The Apartment (1960)

Jack Lemmon and Shirley MacLaine in an unusual relationship in the brilliant The Apartment

Director: Billy Wilder

Cast: Jack Lemmon (CC “Bud” Baxter), Shirley MacLaine (Fran Kubelik), Fred MacMurray (JD Sheldrake), Ray Walston (Joe Dobisch), Jack Kruschen (Dr Dreyfuss), David Lewis (Al Kirkeby), Edie Adams (Miss Olsen), Hope Holliday (Mrs Margie MacDougall), Joan Shawlee (Sylvia), Naomi Stevens (Mrs Mildred Dreyfuss)

How do you get ahead in business (without really trying)? Well a good way of going about it might be just farming your New York apartment out so your bosses can take ladies who aren’t their wives there. It works for CC Baxter (Jack Lemmon) – known to all his superiors as “Buddy” – who makes his apartment freely available on rotation to a host of executives as bolt holes for their mistresses. Just arrange a start and finish time, pick up the key from under the mat, and Baxter will keep out of the way. However, things get complex for Baxter when the Head of Personnel, Sheldrake (Fred MacMurray), demands exclusive use of the apartment – and when it turns out his mistress is none other than Fran Kubelik (Shirley MacLaine), the lift attendant Baxter himself has fallen in love with.

The Apartment is a brilliant mix of bitter social satire and comedy. It’s striking that the film is remembered as a sort of dark romantic comedy, as I think I’d be hard pressed to think of a film with as bitter a view of America and its values. Baxter and Kubelik make for a sweet couple (eventually) but the pair of them are in awe of the American dream. This working dream is however a complete fake, one in which the rich and powerful take what they want and those at the bottom bend over backwards to assist them, praying that the next big job or the next big marriage is round the corner.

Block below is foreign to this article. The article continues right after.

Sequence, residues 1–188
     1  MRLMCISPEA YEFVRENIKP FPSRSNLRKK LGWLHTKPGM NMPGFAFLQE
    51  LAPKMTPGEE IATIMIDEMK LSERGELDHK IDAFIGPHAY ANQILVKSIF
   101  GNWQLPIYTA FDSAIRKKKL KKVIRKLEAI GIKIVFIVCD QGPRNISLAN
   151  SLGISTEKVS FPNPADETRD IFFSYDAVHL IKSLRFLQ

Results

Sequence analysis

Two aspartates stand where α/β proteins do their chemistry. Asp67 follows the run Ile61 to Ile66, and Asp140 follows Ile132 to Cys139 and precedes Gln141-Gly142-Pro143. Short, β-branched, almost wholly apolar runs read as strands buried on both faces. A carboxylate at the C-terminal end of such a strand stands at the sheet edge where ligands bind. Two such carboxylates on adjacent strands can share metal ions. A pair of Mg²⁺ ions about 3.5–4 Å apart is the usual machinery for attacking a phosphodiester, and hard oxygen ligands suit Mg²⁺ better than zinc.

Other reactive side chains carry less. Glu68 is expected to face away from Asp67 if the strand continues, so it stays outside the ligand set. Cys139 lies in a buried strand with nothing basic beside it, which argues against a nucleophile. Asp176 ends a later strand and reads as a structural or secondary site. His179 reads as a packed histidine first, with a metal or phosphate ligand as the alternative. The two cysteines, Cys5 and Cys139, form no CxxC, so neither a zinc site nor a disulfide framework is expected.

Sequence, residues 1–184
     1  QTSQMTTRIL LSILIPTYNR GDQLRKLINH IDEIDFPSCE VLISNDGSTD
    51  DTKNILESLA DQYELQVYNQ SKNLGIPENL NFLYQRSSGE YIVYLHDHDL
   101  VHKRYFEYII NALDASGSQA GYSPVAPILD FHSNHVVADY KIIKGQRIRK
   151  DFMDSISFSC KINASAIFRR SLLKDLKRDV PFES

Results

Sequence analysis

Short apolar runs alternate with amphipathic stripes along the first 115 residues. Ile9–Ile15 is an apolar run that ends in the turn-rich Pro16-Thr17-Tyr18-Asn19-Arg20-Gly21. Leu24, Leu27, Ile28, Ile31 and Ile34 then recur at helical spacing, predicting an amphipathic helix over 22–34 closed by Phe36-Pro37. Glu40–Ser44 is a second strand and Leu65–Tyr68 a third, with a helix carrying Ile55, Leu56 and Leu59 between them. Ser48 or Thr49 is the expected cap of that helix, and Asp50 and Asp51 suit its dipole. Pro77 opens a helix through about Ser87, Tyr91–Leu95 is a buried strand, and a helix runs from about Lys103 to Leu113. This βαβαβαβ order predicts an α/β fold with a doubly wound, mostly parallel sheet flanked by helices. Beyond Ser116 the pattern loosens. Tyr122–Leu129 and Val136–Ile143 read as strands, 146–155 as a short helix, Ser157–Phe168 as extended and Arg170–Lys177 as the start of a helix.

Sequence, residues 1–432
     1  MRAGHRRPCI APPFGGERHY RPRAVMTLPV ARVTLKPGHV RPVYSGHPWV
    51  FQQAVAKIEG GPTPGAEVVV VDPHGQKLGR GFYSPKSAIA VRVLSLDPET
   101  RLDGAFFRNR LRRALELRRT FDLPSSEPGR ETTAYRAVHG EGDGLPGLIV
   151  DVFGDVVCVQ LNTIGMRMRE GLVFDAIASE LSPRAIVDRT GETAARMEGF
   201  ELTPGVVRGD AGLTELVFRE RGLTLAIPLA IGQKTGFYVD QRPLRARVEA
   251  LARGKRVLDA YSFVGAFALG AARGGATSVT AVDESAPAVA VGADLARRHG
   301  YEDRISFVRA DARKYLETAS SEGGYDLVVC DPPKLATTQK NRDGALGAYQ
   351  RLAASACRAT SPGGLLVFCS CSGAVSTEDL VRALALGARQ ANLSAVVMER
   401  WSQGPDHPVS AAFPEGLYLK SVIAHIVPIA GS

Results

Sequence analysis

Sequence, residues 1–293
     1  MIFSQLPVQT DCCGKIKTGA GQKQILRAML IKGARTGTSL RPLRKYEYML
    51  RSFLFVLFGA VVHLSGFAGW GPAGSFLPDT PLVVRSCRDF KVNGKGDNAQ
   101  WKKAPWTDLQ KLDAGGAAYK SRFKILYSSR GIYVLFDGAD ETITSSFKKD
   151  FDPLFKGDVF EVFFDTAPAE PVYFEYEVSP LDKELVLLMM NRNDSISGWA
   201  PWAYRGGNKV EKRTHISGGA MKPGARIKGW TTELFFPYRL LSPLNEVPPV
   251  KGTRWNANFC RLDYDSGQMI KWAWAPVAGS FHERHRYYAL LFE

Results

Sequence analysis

Wilder’s film skewers the ambition and manipulation behind the American dream. Baxter, a down-trodden schmo, works in an office where hundreds of workers sit in lines entering data like worker ants. (The sequence was Wilder’ visual tribute to King Vidor’s 1928 The Crowd). Acclaimed French art director Alexander Trauner (thegenius behind Les Enfants du Paradise) created the effect with intelligent use of false perspective (those at the back are little people made to look far away), and Baxter’s office is a triumph of capitalist indifference made flesh. The big wigs (the only ones with individual offices) are interested only in getting what they want and value nothing more than the keys to the executive bathroom.